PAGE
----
S. Anumudu reports serving as an ASN Public Policy Committee member and a Renal Physicians Association board member, Government Affairs Committee vice chair, and Membership and Education Committee member and receiving honoraria from KDIGO Controversies Conference on BP and volume management in dialysis (travel expenses reimbursed) and from St. George’s University (occasional honoraria for helping with student events or webinars as student counselor and alumni admissions mentor program). E. Au reports serving as a member of Australia and New Zealand Society of Nephrology, ISN, The Transplantation Society, and Transplantation Society of Australia and New Zealand; serving as a scientific advisor or member of Kidney360 and Transplantation; and having ownership interest in Medibank Australia. A. Bagga reports having consultancy agreements from Novartis for serving on a steering committee on hemolytic uremic syndrome. S.J. Barbour reports having consultancy agreements with Achillion, Alexion, Inception Sciences, Novartis, and Visterra; receiving research funding from Alexion and Roche; and receiving honoraria from Alexion and Roche. J. Barratt reports having consultancy agreements with Alnylam, Astellas, BioCryst, Calliditas, Chinook, Dimerix, Novartis, Omeros, Travere Therapeutics, Vera Therapeutics, and Visterra; receiving research funding from Argenx, Calliditas, Chinook, Galapagos, GlaxoSmithKline (GSK), Novartis, Omeros, Travere Therapeutics, and Visterra; and serving as on the editorial boards of CJASN, Clinical Science, Glomerular Diseases, and Kidney International. I. Boletis reports serving on the editorial boards for International Clinical Case Journal and Transplantation Proceedings. S.A. Carter reports having ownership interest in Commonwealth Serum Laboratories Limited. D.J. Caster reports having consultancy agreements with, and receiving honoraria from, Aurinia, Calliditas, Chinook, GSK, and Travere (previously Retrophin); serving on speakers bureaus for Aurinia and GSK; serving on the editorial board for Glomerular Diseases, and as a scientific advisor or member of Lupus Foundation of America Medical Scientific Advisory Counsel; and having other interests/relationships with NIH via grants K08 1K08DK102542 and R01 1RO1DK126777. D. Cattran reports receiving research funding from Alnylam; having consultancy agreements with Alnylam, Calliditis, Chemocentryx, Principia, and Reistone; receiving honoraria from Calliditis, Kyowa Hakko Kirin Co., and Principia; having other interests/relationships with Chemocentryx and Novartis; and serving as a scientific advisor or member of Kidney International, NephCure, SONG-GD, and UpToDate. Y. Cho reports receiving research funding from Baxter Healthcare and Fresenius Medical Care; receiving honoraria from Baxter Healthcare, Fresenius Medical Care, and Genzyme; and serving as clinical trialist and chair of the Australasian Kidney Trials Network Peritoneal Dialysis Working Group, and as a member of the coordinating committee for SONG. R. Coppo reports having consultancy agreements with Amgen, Argenx, Calliditas, Novartis, Reata, and Travere; receiving honoraria from Amgen, Argenx, Calliditas, Novartis, and Travere; being employed by Fondazione Ricerca Molinette; serving as a scientific advisor or member of the ISN Council and on the editorial board for Nephrology Dialysis Transplantation; and serving as an associate editor of Pediatric Nephrology. J.C. Craig reports serving on the editorial boards of Clinical Epidemiology and Diagnostic and Prognostic Research, as coordinating editor of Cochrane Kidney and Transplant, and as vice president of Flinders University. F.C. Fervenza reports having consultancy agreements with Alexion Pharmaceuticals, Alnylam, ByoCrystal, Novartis, and Takeda; receiving research funding from Chemocentryx, Genentech, Janssen Pharmaceutical, Questcor/Mallinckrodt, and Retrophin; serving as a scientific advisor or member of JASN, Kidney International, Nephrology, Nephrology Dialysis and Transplantation, and UpToDate; being employed by Mayo Clinic; and receiving honoraria from UpToDate. J. Floege reports receiving honoraria from Amgen, Astellas, Bayer, Calliditas, Novo Nordisk, Omeros, Travere, Vifor, and Visterra; having consultancy agreements with Amgen, Bayer, Calliditas, Novo Nordisk, Omeros, Travere, Vifor, and Visterra; serving on speakers bureaus for Amgen and Vifor; and serving as a scientific advisor or member of Calliditas, Omeros, and Travere. T. Gutman reports serving on the Patient-centered Research Network coordinating committee and on the SONG initiative coordinating committee (no financial relationships). M.A. Hladunewich reports having consultancy agreements with Alnylam Pharmaceuticals; receiving research funding from Calliditas Therapeutics, Chemocentryx, Ionis, Pfizer, and Roche; having other interests/relationships with Glomerular Disease Ontario Renal Network as medical lead; and serving as a scientific advisor or member of Kidney International and UpToDate. J.J. Hogan reports receiving research funding from Achillion (as site principal investigator [PI] for clinical trial in C3 glomerulopathy), Boeringer Ingelheim (for Transformative Research in Diabetic Nephropathy [TRIDENT] study for diabetic nephropathy), Calliditas (as site PI for clinical trial in IgA nephropathy), Complexa (as site PI for clinical trial in FSGS), Gilead, GSK, NIH (for study in membranous nephropathy and as site PI for the Belimumab With Rituximab for Primary Membranous Nephropathy [REBOOT] study in membranous nephropathy), Omeros (as site PI for clinical trial in IgA nephropathy), Regeneron, and Retrophin (as site PI for the Efficacy and Safety of Sparsentan [RE-021], a Dual Endothelin Receptor and Angiotensin Receptor Blocker, in Patients with Focal Segmental Glomerulosclerosis [FSGS]: A Randomized, Double-blind, Active-Control, Dose-Escalation Study [DUET] and a Randomized, Multicenter, Double-Blind, Parallel, Active-Control Study of the Effects of Sparsentan, a Dual Endothelin Receptor and Angiotensin Receptor Blocker, on Renal Outcomes in Patients With Primary FSGS [DUPLEX] Studies in FSGS); having consultancy agreements with, and receiving honoraria from, Alexion, Aurinia, Calliditas, GSK, Kaneka, Kezar, and Travere; being employed by Janssen: Pharmaceutical Companies of Johnson and Johnson; and receiving royalties for patent (pending) as coinventor (WO2019213434A1) and author royalties from UpToDate.com for topics on calcium/phosphate balance and monoclonal gammopathies of renal significance. A.R. Kitching reports serving as a scientific advisor or member of Australian and New Zealand Vasculitis Society; receiving research funding from CSL Limited and Vifor Pharma; having other interests/relationships as a member of the Kidney Health Australia Research Advisory Group; having consultancy agreements with Toleranzia and Visterra; and receiving honoraria from Visterra. R.A. Lafayette reports having consultancy agreements with Alexion Inc., Aurinia, Calliditas Inc., Chinook Inc., Novartis, Omeros Inc., Otsuka Inc., Travere Inc., Vera Inc., and Visterra Inc.; and receiving research funding from Apellis, Calliditas, Chemocentryx, Chinook, NIH, Omeros, Otsuka, Pfizer, Roche, Travere, and Vera. L. Lightstone reports having consultancy agreements with Achillion, AstraZeneca, Bristol Myers Squibb (BMS), GSK, Pfizer, and Roche; receiving honoraria from Alexion, AstraZeneca, BMS, GSK, and Pfizer; serving on speakers bureaus for Alexion and GSK; having other interests/relationships as executive committee member of ISN (2021–2023), deputy chair of the Western Regional Board of ISN, trustee of Kidney Research UK (2018–2022), and clinical expert representing the Renal Association’s response to the National Institute for Health and Care Excellence on single technology appraisal for belimumab in lupus (2020–2021); and serving as a scientific advisor or member of the European Union Executive Committee of the Lupus Nephritis Trials Network and Nature Reviews Nephrology Advisory Board. M. Nataatmadja reports previously receiving travel support from Amgen. J. Radhakrishnan reports receiving honoraria from Angion Biomedica, Aurinia Pharmaceuticals, Equillium Bio, GSK, Reata Pharmaceuticals, Reistone Biopharma, Sanofi Genzyme, and Travere Therapeutics; having consultancy agreements with Angion Biomedica, Aurinia Pharmaceuticals, Equillium Bio, Reata Pharmaceuticals, Reistone Biopharma, Sanofi Genzyme, and Travere Therapeutics; receiving research funding from Bayer and Travere Therapeutics; and serving as a scientific advisor or member of Kidney International and Kidney International Reports. B.H. Rovin reports having consultancy agreements with Alexion, AstraZeneca, Aurinia, Biogen, BMS, Calliditas, Chemocentryx, EMD-Serono/Merck, Genentech, Human Genome Sciences (GSK), Idorsia, Janssen, MedImmune, Morphosys, Novartis, Omeros, Retrophin, RILITE Foundation, Roche, and Vistera; receiving honoraria from Alexion, AstraZeneca, Aurinia, Biogen, BMS, Calliditas, Chemocentryx, EMD-Serono/Merck, Genentech, Human Genome Sciences (GSK), Idorsia, Janssen, Morphosys, Novartis, Omeros, Retrophin, RILITE Foundation, Roche, and Vistera; performing other work with ASN (mostly educational courses), ISN and National Kidney Foundation, and the Lupus Foundation of America; and serving as a scientific advisor or member of ASN Kidney Week, CureGN, KDIGO, Kidney International, Kidney International Reports, Lupus Foundation of America, Nephrology Dialysis and Transplantation, and UpToDate. N. Scholes-Robertson reports having other interests/relationships with the consumer advisory board of BEAT-CKD (Australia) and Rural Kidney Association Inc. (NSW, Australia); serving as a patient editor of Cochrane Kidney and Transplant; and serving as a scientific advisor or member of Rural Kidney Association Inc. (NSW, Australia). H. Trimarchi reports serving as a scientific advisor or member of American College of Physicians, Argentinian Society of Nephrology, ASN, and ISN and having consultancy agreements with, and receiving honoraria from, Calliditas, Chinook, Novartis, Sanofi Genzyme, Travere, and Visterra-Otsuka. H. Zhang reports serving as vice-director of the nephrology committee of the Beijing Society of Medicine, as a board committee member of nephrology of the Chinese Medical Doctor Association and the Chinese Society of Nephrology, on the member of ISN–Advancing Clinical Trials Committee, and as a member of ISN Global Outreach - Sister Renal Centres Committee and having consultancy agreements with Calliditas, Janssen, Novartis, and Omeros. All remaining authors have nothing to disclose.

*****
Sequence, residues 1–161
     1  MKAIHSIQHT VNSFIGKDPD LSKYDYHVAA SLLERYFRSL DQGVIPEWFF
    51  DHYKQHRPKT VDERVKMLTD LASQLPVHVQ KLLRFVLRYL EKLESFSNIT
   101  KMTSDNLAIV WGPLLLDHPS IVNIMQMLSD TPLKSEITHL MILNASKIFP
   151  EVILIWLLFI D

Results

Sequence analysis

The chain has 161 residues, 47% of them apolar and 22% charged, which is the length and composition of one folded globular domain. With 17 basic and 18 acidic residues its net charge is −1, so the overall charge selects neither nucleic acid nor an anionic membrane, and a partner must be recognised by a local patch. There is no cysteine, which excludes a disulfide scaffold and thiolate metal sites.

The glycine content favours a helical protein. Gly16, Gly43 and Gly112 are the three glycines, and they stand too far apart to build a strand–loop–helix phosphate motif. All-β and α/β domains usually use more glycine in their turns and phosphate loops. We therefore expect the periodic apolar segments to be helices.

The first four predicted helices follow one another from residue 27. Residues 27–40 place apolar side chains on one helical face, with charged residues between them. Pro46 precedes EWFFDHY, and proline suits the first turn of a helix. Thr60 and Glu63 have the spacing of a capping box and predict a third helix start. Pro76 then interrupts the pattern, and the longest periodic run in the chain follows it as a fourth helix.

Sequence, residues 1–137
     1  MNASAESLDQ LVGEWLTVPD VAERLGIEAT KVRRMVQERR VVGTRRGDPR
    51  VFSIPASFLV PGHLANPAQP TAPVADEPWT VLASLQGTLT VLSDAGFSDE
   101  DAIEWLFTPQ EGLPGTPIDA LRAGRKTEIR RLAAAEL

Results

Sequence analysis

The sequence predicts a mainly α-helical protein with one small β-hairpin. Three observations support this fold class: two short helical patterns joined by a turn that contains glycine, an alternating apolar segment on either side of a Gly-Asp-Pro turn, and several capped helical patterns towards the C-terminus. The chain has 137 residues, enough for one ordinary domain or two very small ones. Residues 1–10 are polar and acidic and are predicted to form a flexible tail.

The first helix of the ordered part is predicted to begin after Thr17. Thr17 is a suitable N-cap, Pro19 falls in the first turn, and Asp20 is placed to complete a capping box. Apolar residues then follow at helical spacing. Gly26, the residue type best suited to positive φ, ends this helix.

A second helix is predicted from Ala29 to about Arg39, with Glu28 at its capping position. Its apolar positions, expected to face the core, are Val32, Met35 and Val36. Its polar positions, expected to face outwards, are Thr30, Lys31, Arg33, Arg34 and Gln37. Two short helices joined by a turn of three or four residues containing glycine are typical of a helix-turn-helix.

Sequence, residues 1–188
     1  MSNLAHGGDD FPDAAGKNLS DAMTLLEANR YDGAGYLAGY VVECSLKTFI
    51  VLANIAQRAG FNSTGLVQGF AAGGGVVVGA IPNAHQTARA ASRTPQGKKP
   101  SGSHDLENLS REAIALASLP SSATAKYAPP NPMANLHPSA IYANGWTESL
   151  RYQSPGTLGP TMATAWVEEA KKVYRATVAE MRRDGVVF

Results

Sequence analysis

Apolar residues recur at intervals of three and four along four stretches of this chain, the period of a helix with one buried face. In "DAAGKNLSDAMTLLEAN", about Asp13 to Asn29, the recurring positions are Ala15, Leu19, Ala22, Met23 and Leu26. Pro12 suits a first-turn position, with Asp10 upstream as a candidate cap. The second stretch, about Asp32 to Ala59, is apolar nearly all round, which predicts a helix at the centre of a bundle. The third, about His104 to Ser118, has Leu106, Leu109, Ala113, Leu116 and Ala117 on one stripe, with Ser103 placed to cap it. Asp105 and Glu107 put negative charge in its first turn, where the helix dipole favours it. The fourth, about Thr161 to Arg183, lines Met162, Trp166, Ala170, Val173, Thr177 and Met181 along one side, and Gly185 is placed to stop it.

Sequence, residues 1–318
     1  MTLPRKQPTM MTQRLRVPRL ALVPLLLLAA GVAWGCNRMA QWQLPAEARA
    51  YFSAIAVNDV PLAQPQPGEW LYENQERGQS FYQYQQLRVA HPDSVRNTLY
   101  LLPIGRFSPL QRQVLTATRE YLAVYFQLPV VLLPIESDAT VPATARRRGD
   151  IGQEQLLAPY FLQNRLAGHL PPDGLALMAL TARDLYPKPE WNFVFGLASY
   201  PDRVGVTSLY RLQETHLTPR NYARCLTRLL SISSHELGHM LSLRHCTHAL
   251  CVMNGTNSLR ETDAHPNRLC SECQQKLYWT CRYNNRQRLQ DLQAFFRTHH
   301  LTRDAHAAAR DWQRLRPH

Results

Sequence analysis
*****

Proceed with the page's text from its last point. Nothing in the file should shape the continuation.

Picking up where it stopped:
S.A. Carter is supported by the NHMRC Postgraduate Scholarship number 1168994. D. J. Caster is supported by NIH grant K08DK102542. Y. Cho is supported by the NHMRC Early Career Fellowship number 1126256. T. Gutman is supported by a NHMRC Postgraduate Scholarship number 1169149. N. Scholes-Robertson is supported by a NHMRC Postgraduate Scholarship number 1190850. A.K. Viecelli received support from the NHMRC Medical Postgraduate Scholarship number 1114539 and a Royal Australasian College of Physicians Jacquot Research Establishment Fellowship.